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“I’m gonna get totally and utterly X-ed.” OR: Can you really use any English word to mean ‘drunk’?

Linguistic study by Chemnitz University of Technology and ScaDS.AI Dresden/Leipzig investigates over 500 English synonyms for “drunk”

The English language is famous for the large number of words that express the idea of being drunk in a humorous way – so-called drunkonyms like “pissed”, “hammered” or “wasted”. British comedian Michael McIntyre even argues in a comedy routine that posh people can use any word to mean ‘drunk’ in English, e.g. “I was utterly gazeboed” or “I’m gonna get totally carparked”. Is this possibly even true? And how can people understand new drunkonyms then?

Two German linguists, Prof. Dr. Christina Sanchez-Stockhammer (Chemnitz University of Technology) and Prof. Dr. Peter Uhrig (FAU Erlangen-Nuremberg & ScaDS.AI Dresden/Leipzig), took Michael McIntyre’s claim seriously and tested it in a linguistic study. “We were curious to find out if the synonyms of “drunk” are used in similar contexts,” explains Sanchez-Stockhammer. If that were the case, new word formations might inherit the meaning ‘drunk’ automatically from the context.

The study was recently published in the Yearbook of the German Cognitive Linguistics Association. “We found that “drunk” mainly occurs in the combinations “too/so/very drunk”, but unexpectedly not with the kinds of adverb used by Michael McIntyre,” explains Uhrig. By contrast, the drunkonyms ending in ‑ed (e.g. “blasted” and “loaded”) preferably occur with the expected intensifiers “completely” or “totally” (e.g. “completely loaded”).

As expected, the combination of “be” + intensifying adverb + word ending in -ed is commonly used to refer to drunkenness, but not often enough to explain how language users understand new drunkonyms. Sanchez-Stockhammer and Uhrig therefore provide an additional explanation: by the time English native speakers reach adulthood, they have most likely experienced so many different words ending in -ed meaning ‘drunk’ that it allows them to interpret words with unknown meaning ending in -ed (e.g. “pyjamaed”) as ‘drunk’ in many contexts. The appendix of the paper alone contains a list of 546 English synonyms for “drunk” compiled from various sources.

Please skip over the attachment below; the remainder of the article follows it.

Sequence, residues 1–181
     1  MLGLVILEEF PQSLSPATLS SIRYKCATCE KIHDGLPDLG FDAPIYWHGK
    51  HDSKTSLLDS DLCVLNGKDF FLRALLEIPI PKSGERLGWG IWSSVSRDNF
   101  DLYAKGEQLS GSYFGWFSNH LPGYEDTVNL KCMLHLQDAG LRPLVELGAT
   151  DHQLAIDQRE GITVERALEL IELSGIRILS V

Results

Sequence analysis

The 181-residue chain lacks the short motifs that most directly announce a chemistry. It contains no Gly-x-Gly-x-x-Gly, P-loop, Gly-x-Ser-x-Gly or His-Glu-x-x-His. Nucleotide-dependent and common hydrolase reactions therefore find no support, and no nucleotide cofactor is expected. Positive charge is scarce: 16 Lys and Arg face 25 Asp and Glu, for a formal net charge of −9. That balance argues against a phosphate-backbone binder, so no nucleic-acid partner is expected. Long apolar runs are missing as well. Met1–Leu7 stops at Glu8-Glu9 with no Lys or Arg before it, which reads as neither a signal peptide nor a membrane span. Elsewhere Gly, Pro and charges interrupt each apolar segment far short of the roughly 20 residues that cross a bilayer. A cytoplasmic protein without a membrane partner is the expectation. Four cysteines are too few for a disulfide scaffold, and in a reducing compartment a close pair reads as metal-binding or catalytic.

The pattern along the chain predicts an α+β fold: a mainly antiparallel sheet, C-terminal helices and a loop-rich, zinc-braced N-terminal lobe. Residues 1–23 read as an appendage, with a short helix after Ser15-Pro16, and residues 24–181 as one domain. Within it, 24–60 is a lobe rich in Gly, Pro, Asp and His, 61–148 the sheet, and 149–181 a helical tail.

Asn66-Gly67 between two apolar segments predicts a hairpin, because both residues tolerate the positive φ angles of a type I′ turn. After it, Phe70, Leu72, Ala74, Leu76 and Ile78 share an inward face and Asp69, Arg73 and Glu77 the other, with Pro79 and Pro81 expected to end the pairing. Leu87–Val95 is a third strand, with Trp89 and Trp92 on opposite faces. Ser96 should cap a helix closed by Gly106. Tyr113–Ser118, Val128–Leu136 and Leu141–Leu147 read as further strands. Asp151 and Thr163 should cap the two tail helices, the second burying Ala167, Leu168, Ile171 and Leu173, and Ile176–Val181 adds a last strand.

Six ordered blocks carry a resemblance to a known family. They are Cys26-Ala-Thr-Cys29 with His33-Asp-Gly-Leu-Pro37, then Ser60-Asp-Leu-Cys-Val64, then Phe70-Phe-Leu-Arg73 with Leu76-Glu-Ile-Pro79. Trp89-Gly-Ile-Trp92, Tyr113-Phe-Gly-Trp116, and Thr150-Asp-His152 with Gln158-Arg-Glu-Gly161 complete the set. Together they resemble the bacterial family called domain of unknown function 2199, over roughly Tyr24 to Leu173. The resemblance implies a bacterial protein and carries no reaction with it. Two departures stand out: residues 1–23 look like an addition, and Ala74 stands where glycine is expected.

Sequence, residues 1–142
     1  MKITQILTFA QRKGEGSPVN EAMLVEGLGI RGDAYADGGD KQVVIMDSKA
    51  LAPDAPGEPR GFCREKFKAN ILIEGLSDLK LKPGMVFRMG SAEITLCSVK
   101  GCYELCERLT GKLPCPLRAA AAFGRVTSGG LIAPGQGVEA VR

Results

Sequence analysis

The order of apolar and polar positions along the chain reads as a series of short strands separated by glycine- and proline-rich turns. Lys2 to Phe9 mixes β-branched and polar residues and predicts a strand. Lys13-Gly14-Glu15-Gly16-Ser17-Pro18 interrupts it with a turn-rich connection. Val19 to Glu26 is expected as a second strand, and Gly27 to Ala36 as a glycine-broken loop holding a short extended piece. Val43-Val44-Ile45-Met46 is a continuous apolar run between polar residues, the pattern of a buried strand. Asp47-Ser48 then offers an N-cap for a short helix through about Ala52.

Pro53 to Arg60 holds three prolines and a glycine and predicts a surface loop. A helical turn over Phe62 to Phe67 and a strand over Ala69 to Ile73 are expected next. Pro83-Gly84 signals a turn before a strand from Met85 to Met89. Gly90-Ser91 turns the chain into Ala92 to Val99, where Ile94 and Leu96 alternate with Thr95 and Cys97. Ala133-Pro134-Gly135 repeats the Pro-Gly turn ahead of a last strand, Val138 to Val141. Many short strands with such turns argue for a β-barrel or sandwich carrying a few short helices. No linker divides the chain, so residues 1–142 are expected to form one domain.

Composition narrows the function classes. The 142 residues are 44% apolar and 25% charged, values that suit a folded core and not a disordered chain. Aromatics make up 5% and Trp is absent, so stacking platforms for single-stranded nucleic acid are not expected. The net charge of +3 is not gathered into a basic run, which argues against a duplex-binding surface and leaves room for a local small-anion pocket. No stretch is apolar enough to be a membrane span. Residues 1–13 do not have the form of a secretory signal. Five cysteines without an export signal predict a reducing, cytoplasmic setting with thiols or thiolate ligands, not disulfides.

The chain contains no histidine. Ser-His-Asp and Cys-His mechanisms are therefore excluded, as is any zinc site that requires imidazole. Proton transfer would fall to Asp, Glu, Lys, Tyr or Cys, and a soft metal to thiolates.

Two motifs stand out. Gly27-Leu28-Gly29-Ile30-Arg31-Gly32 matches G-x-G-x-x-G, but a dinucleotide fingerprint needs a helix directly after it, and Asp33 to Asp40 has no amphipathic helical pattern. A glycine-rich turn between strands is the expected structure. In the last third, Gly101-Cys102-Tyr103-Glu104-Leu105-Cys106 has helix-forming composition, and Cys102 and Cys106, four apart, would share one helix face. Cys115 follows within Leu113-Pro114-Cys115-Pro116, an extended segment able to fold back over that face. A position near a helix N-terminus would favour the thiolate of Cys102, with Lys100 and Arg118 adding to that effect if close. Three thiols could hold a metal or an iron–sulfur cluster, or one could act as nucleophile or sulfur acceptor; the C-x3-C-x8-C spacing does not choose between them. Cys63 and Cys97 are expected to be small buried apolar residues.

Even though excessive alcohol consumption may come with negative consequences, drunkenness is commonly discussed using a wide range of light-hearted linguistic means in English. Sanchez-Stockhammer observes: “The humorous effect of drunkonyms is often achieved through their indirectness”. What renders McIntyre’s examples “gazeboed” or “carparked” funny is that there is no obvious relation between the base (e.g. “gazebo”) and the meaning ‘drunk’. Indirectness is also present in other types of playful language, like Cockney rhyming slang, which provides the model for English drunkonyms like “Brahms” or “Schindler’s” (short for “Brahms and Liszt” and “Schindler’s list”, both of which rhyme with the target word “pissed”). “The English language also expresses drunkenness indirectly by shortening phrases like “blind drunk” and “nicely drunk” to the corresponding drunkonyms “blind” and “nicely”. All this suggests that drunkonyms fit in well with English linguistic and humorous traditions”, says Sanchez-Stockhammer.

For more information, see the article and the freely available list of drunkonyms: Sanchez-Stockhammer, Christina and Uhrig, Peter. 2023. “I’m gonna get totally and utterly X-ed.” Constructing drunkenness. Yearbook of the German Cognitive Linguistics Association 11(1). 121-150. https://doi.org/10.1515/gcla-2023-0007

For any questions on the article, please get in touch with Prof. Dr. Christina Sanchez-Stockhammer, tel. +49 (0)371 531-32444, email christina.sanchez@phil.tu-chemnitz.de.

Mario Steinebach

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